Sunday, September 17, 2006

Gentle Tug of War

At this weekend's G7 meeting in Singapore, China and Japan are politely telling the rest of the world where to get off, when it comes to currency exchange rates, trade imbalances, and internal monetary policy.

Tug of war
[Thanks to for the photo.]

Zhou Ziaochuan, China's head of the central bank, resists US pressure to allow their currency to float, and says:

"We will keep the renminbi's exchange rate relatively stable at a rational and balanced level." Translation: Maybe we will allow it to float, but when we wish, and at the rate we wish. No one dictates to the Chinese.

On the other hand, they must perceive three looming dangers: (1) the danger of holding US instruments based on a dollar that is not fixed to any standard and the exchange value of which is determined by supply and demand; (2) the danger of hoarding a portion of the world's supply of dollars, throwing off the balance between supply and demand, artificially maintaining a higher dollar price, and helping to foster the huge US trade imbalance; and (3) the danger of ignoring the rattling of trade tariff swords in Congress.

See the full Reuters article here. It says, "The United States, with a record trade deficit, is particularly anxious to see a stronger yuan." I would remark that this depends on who you mean by "the United States." (See my earlier post.) US manufacturing would love it; but US importers like Wal-Mart would hate it. Congressmen attached to manufacturing lobbyists would love it, but the Fed is probably on the fence: Their mind says China should de-peg. Their gut may be saying, "De-peg, yes, you should from a theoretical point of view; but be careful not to do it too fast. We don't want a dollar crash on our hands."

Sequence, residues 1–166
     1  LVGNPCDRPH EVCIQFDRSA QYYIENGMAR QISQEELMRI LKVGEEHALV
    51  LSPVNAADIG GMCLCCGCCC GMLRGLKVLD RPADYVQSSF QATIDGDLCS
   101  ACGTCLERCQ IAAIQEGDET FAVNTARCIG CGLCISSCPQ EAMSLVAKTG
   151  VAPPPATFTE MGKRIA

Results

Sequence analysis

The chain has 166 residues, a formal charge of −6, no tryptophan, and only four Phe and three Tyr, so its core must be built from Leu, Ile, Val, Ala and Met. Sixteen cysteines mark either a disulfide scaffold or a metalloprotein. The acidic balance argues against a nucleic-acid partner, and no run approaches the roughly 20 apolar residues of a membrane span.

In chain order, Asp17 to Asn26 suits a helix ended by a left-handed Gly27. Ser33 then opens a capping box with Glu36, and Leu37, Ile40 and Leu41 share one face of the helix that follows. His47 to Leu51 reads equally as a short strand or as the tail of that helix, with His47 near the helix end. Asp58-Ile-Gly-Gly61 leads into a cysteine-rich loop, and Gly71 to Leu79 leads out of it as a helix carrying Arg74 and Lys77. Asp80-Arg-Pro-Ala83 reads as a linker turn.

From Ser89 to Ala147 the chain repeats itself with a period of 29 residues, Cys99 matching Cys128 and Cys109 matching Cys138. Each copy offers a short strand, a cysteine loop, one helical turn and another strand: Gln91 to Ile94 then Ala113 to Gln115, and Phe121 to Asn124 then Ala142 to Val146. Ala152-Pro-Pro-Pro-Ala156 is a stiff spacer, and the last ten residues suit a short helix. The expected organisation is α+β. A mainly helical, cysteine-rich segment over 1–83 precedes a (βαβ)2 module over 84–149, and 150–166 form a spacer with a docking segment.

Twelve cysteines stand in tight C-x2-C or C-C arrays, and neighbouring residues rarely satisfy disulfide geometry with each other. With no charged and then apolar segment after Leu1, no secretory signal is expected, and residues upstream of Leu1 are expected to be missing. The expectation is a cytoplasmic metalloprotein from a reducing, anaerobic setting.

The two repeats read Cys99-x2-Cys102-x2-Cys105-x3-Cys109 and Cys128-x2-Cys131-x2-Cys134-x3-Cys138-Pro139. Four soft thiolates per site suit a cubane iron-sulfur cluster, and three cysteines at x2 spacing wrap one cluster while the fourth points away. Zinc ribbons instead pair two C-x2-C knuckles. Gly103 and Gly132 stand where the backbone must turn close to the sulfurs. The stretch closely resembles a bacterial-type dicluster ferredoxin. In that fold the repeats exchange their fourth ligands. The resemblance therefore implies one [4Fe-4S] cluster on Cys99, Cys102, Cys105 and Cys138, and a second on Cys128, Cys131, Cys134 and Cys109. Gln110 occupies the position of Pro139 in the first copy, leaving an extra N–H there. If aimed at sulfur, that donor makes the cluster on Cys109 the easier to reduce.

Also this: "The [Chinese] central bank has raised lending rates twice since April and also increased banks' reserve requirements twice to brake the economy, which grew 11.3 percent in the year to June, the fastest pace in a decade." I suppose that's one way of absorbing all of those US dollars in their coffers; sure, just stick 'em in the bank vaults.

Then, on the Japanese front, you have the Bank of Japan Governor Toshihiko stating:

"The IMF board should discuss this issue from the viewpoint of securing a consistency between exchange rate policies and other domestic economic policies, and not in the narrow context of attributing the global imbalance to a specific country's or region's exchange rate policies." Translation: Stop ganging up on a few countries before (a) you get your own respective houses in order; and (2) we all agree on a global monetary policy.

That article is here.

I say good luck on those last two. Central bank economists are already operating on thin theoretical ice inside their own country, never mind agreeing with their international colleagues; and the IMF as global economic policy police? I don't think so.


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4:12 AM  

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